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Alevi-Bektashism: The Past and The Present of A Disappearing Turkish Culture

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Gökhan Percin (Stanford University)

For him who has perception, a mere sign is enough.
For him who does not really heed, a thousand explanations are not enough.
Haji Bektash Veli

Kaygusuz Abdal: A fifteenth-century popular mystic poet, what is known of his life is mixed with legend. He seems to have settled in Egypt and founded a dervish lodge there of which he was the sheyh. He is considered the founder of the Bektashi branch of mystical poetry and excelled particularly in humorous-satirical verse. He was also the author of powerful pamphlets in prose on mysticism.

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Introduction to Sufi Music and Ritual in Turkey

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Reprinted from the Middle East Studies Association Bulletin, December 1995 (with changes in orthography to HTML standards. NB: Turkish characters may not display on all Web Browsers.).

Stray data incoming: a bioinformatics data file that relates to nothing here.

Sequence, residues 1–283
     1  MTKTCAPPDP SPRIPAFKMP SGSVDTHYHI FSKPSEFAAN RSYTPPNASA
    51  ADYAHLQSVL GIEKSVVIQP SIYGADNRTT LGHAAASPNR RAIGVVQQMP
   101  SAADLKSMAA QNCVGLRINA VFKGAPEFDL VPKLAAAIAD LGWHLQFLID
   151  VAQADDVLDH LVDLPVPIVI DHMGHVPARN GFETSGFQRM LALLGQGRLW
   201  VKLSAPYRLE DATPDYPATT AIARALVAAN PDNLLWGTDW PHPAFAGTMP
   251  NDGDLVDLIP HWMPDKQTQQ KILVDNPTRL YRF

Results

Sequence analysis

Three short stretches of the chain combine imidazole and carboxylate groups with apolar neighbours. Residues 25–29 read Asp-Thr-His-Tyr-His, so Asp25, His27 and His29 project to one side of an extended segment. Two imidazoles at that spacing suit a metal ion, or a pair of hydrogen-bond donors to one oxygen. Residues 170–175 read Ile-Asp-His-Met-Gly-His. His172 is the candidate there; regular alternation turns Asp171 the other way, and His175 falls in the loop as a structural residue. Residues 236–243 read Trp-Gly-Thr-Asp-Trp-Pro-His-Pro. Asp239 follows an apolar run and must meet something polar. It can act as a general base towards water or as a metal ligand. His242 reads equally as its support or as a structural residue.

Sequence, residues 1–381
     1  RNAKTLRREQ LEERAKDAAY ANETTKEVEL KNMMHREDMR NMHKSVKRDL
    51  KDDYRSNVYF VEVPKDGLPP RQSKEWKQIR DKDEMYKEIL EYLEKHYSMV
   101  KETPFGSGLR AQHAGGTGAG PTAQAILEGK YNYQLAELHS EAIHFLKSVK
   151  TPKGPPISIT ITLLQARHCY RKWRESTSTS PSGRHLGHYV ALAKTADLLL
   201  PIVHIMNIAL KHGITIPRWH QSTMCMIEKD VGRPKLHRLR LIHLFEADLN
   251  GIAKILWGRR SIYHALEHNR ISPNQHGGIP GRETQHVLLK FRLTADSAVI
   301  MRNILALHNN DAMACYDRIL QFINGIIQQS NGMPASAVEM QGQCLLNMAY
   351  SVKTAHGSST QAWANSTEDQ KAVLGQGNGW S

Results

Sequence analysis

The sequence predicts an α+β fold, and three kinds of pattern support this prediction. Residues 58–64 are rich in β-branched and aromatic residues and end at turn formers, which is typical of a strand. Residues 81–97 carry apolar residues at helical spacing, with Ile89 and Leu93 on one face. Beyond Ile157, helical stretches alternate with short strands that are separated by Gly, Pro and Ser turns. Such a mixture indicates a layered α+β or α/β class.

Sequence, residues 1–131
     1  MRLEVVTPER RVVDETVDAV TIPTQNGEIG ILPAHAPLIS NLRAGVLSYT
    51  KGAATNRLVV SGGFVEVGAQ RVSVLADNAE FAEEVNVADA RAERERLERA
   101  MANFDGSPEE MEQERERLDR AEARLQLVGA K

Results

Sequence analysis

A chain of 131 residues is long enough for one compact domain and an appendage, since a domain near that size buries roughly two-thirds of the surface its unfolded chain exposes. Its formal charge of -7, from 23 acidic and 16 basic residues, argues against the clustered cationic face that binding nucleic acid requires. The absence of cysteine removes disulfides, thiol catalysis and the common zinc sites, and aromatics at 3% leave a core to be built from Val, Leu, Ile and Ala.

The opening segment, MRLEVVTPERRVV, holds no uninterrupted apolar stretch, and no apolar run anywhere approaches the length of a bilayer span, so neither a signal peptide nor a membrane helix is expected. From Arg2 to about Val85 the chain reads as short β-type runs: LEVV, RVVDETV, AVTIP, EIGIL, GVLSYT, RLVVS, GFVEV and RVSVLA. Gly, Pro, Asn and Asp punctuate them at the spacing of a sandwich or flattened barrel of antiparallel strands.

Copyright 1995 by the Middle East Studies Association of North America

Introduction to Sufi Music and Ritual in Turkey

Irene Markoff, York University

IT IS DIFFICULT to appreciate and understand Sufism fully without an informed exposure to the expressive cultural forms that help define and enhance it. It is this dimension of Islamic mysticism that transports the seeker on the path of spiritual attainment into higher states of consciousness that promise spiritual intoxication (wajd) and a unique and intimate union, even annihilation (fanâ'), in the supreme being. This emotional expression of faith is intensified and externalized in elaborate forms of meditation and esoteric techniques that are part of ritual ceremonies.